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I'm trying to import a php file containing a HTML script with separate CSS and js files into another php file which contains my header and footer. The header and footer are from a template which uses a very messy and convoluted CSS which basically has rules for everything in almost 10 different locations/files. When I import my php into this main template page, all the imported page's styles also inherit from the base template which basically overrides my stuff. Is there a way to enforce each php/html script to maintain their own styles without having to inherit from one another while they're being imported from one file to another?

Many Thanks

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You could try namespacing your css or using a pseudo-namespace technique. –  shapeshifter Feb 14 '13 at 5:42

2 Answers 2

How are you importing the files?

Is your answer is using include() or require() then the answer is no! When the html code is generated, all this will show it in the same page, that's what all the css and js files are applied to your html.

What you can do is add the css and js files to a file (eg: assets.php), establish an order and then import that into your main.php and resolve all the problems with the classes and ids on your html to avoid overriding.


EDIT: about CSS load order

The order in which you load your CSS files has very little influence in how styles are applied. What styles are applied to a certain element is determined by the specificity of the selectors used in the CSS rule. A higher specificity overrules a lower specificity, even if the style with the lower specificity is declared later.

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I used include(). Could you please let me know what you mean by establishing order? And how would the assets.php should be set up? Is it like an HTML layout with the js and css included in the head? –  Sam Feb 14 '13 at 6:05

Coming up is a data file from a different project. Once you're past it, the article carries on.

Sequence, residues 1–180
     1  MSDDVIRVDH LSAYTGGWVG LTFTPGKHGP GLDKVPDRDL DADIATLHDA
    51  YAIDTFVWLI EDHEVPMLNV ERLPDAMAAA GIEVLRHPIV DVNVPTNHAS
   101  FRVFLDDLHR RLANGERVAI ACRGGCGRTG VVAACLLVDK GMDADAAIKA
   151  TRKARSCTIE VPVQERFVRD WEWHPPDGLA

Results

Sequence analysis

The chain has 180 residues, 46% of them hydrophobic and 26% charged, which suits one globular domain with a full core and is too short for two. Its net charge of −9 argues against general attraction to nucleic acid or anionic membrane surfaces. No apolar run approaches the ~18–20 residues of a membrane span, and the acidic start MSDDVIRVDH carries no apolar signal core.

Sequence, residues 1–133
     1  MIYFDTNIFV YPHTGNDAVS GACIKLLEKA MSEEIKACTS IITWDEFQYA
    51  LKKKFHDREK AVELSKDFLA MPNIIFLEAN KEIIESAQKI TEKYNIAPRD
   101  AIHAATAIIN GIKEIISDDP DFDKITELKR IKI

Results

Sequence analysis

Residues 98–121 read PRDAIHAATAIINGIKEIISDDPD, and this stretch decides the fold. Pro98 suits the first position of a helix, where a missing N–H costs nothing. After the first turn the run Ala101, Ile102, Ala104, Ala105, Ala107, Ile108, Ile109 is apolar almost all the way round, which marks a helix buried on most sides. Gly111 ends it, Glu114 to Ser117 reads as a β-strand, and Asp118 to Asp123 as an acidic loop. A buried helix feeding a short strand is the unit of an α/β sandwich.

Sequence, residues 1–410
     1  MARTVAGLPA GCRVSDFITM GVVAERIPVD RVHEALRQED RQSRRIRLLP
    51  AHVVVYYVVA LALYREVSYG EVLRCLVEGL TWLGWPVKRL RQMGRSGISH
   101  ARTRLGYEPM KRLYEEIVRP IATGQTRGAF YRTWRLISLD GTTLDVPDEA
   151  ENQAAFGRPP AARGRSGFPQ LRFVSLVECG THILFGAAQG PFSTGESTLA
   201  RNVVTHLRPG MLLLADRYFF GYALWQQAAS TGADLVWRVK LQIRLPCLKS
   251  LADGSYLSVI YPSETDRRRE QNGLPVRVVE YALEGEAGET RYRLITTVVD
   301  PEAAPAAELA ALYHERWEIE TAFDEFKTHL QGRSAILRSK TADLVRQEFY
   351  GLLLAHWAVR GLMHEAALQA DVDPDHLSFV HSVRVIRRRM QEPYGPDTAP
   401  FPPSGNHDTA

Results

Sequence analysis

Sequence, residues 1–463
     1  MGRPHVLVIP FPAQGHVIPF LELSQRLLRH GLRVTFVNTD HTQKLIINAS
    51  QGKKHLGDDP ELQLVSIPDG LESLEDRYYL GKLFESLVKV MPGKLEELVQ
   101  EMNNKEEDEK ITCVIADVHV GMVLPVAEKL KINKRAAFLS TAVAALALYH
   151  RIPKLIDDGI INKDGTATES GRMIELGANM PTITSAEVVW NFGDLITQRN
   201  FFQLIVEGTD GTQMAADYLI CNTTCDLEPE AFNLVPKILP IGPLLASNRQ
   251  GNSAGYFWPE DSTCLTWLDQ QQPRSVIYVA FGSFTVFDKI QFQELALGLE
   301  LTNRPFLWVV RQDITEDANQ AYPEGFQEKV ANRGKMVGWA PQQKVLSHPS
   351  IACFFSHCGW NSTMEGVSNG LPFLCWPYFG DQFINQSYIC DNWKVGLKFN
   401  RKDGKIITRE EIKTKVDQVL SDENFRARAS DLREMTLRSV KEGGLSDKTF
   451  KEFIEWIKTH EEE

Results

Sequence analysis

@Sam: Is it like an HTML layout with the js and css included in the head? exactly, check update –  Tom Sarduy Feb 14 '13 at 6:19

you need to name space both your css and javascript to protect them from being polluted by your header and footer.

there are many name-spacing patterns out there.. but let me suggest a few:

css: for every page you import.. you can run a jQuery script like this:

jQuery(document).ready(function() {
    jQuery('body').attr('id','importedPagei');
} 

then when you import the css.. you should create a build script that appends the attribute body#importedPagei to every css you are calling

ie this is a sample of the css of the importing page before running your build script:

.style1 {
color:red
}

and after running the jQuery script:

body#importedPagei .style1 {
color:red
}

so let's say that before.. your header template had the following class:

//header.css 
h1 {
color: red;
}

and in your imported file you had

//importedFile.css
h1 {
color:blue;
}

then the final outcome in your old solution will have the template header style overriding yours:

//old final outcome
h1 {
color:blue;
}

but with the proposed solution above you will have (as mentioned before):

//importedFile.css